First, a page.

LOUD WHISPERS: Every Woman Has A Story

Bisi Adeleye-Fayemi | One of the many lessons I have taken to heart is that we should all have an opportunity to tell our stories, so that other women (and men) can learn, empathise and draw strength.

I have a friend from South Sudan who I will call Janet. She fled her country in the 1980s during the civil war in Sudan and was a refugee in Nairobi, Kenya for many years. Janet suffered terribly during this period, going through many of the horrors associated with violent conflict. She reunited with her husband after years of being torn apart by the war. They tried to start a family, but Janet lost eight pregnancies in a row. Inspite of all she had been through, she worked with other Sudanese refugees on peace and reconciliation issues. She also set up economic empowerment schemes for refugee women. I met Janet  in 1998 at one of the training programs I initiated for young African women leaders at the time, a three-week African Women’s Leadership Institute (AWLI) which brought together women aged 25-40 from different African countries. The AWLI was a project of Akina Mama wa Afrika (AMWA) based in the UK and Uganda, an international development organisation for African women where I served as Executive Director for ten years. Over the past 19 years, the AWLI has produced over 6,000 women leaders.

When Janet attended the Institute that year, we did not know that she was pregnant. Then something wonderful happened. That was the first pregnancy she did not lose. According to what she told me, she firmly believed that it was the positive energy, warmth and solidarity she found with other women during those three weeks that saved her baby. I was of course skeptical, but happy for her. In 2000, we had a conference to bring together some of the alumni of the leadership institute. Janet brought her little boy with her and we all fussed over him. And then it happened again. Janet was pregnant when she attended and she did not lose the baby. Shortly after, when tentative peace returned to South Sudan, Janet went back home and became a senior government official.

Growing up, moving around the world for education and work, through my experience as a development practitioner, donor, women’s rights activist, wife, mother, and public servant, I have many stories to tell. Every woman has a story – of trials, triumphs, pain, tested faith, loss, betrayal, healing, renewal, joy, and re-invention. Not all stories have a ‘happy ending’ like that of Janet. However, one of the many lessons I have taken to heart is that we should all have an opportunity to tell our stories, so that other women (and men) can learn, empathise and draw strength.

I left AMwA in 2001 to co-found the African Women’s Development Fund (AWDF), an Africa-wide grantmaking foundation for women’s organizations based in Accra, Ghana, where I also served as Executive Director. I started planning my transition out of AWDF in 2011 after ten wonderful years of building a very successful Women’s Fund. During this period I worked with hundreds of women’s organisations  in over 40 countries, overseeing resource mobilisation, due diligence, communications, advocacy, research and documentation. What I wanted to do in my post AWDF years was return to Nigeria and start a project that would enable African women tell their stories through short films, documentaries, exhibitions and books. In October 2010, my husband Dr Kayode Fayemi became Governor of Ekiti State, Nigeria. This not only meant leaving AWDF one year earlier, I also had to put my story telling project on hold.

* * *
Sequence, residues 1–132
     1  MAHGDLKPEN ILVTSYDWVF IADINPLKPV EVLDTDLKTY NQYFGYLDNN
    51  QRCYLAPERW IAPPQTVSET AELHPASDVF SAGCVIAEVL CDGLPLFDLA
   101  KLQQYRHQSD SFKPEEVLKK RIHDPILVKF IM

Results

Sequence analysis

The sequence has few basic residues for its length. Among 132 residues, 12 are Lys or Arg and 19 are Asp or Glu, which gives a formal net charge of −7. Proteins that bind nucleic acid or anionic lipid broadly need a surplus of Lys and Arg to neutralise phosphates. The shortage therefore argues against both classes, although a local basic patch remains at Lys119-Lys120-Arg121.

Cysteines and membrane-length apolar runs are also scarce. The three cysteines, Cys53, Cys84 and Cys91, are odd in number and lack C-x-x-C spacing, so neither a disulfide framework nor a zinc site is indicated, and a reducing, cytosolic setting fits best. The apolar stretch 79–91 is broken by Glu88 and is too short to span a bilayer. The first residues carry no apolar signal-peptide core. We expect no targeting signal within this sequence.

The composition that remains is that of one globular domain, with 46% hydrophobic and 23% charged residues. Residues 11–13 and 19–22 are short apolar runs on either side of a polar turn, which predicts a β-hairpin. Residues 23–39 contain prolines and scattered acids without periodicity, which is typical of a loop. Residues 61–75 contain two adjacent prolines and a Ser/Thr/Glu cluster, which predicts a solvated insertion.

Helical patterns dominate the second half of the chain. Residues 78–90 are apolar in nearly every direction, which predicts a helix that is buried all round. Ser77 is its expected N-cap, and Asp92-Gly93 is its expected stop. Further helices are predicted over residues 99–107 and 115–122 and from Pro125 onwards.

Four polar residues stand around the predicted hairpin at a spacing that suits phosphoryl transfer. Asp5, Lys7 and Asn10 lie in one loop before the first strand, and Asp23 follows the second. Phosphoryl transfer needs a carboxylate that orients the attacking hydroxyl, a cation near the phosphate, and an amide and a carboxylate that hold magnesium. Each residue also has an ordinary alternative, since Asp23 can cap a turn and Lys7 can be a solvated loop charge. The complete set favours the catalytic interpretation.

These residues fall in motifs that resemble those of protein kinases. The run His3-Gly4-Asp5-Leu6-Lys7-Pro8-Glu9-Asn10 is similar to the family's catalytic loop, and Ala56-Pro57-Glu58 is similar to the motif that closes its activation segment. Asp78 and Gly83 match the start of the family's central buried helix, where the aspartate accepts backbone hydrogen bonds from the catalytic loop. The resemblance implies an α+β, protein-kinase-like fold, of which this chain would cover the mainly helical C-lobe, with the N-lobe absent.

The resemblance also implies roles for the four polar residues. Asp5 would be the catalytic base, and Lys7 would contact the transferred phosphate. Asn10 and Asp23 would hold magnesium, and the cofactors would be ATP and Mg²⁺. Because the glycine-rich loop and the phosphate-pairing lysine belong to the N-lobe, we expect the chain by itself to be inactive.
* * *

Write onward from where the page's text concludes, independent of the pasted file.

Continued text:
I have now decided to revisit the idea, this time as a social media project. Above Whispers is a platform  primarily (but not exclusively) for middle-aged women who want to have a more mature engagement online. I also hope some of our content will appeal to younger readers. This new platform will serve the following purposes:

1. An opportunity for women ( and the men who would like to join us) to engage in discussions about a range of topics such as politics, social justice, development, financial security, women’s rights, health, entrepreneurship, popular culture, faith, parenting, relationships, and other relevant issues.

2. Learning from experienced people in various fields of expertise who will share their knowledge as guest columnists

3. A forum to find and engage with other people in an atmosphere devoid of rants, passing judgement  on others and related unpleasant experiences which have sadly become a key feature of the use of these spaces.

4. A way to showcase some of the unique ways in which we build community in Africa, through our personal and collective philanthropy, stories that usually do not get told in the international media.

5. A place to mentor younger people as we share advice and experience and to also learn from them

6. A platform to explore the ways in which our communities are evolving for better or worse due to the impact of globalization. Values such as character building, respect for diversity, promoting a culture of peace, dialogue, and an appreciation of our own positive narratives as Africans are becoming increasingly important.

7. A safe space for women to ‘exhale’ by telling their stories (in person or anonymously) so that we can learn from their triumphs and challenges, and in return, they will know that they
are not alone.

I believe that through this effort, we can build a new community of African women able to express their thoughts, and grow a marketplace of conversations around issues of concern to us. I also look forward to the intra and inter-generational exchanges that will be part of this journey.

I would like to say a big thank you to all my friends who responded promptly and enthusiastically when I spoke to them about this initiative. Thank you to all the guest bloggers who have joined us. A big thank you from the bottom of my heart to the Above Whispers team for all their dedication and creativity. If you are reading this and would like to contribute to the platform, let us hear from you. Just like Janet felt the solidarity and warmth of the women she spent time with in Uganda, I want every woman who shares her story or insights on this site to feel respected and valued.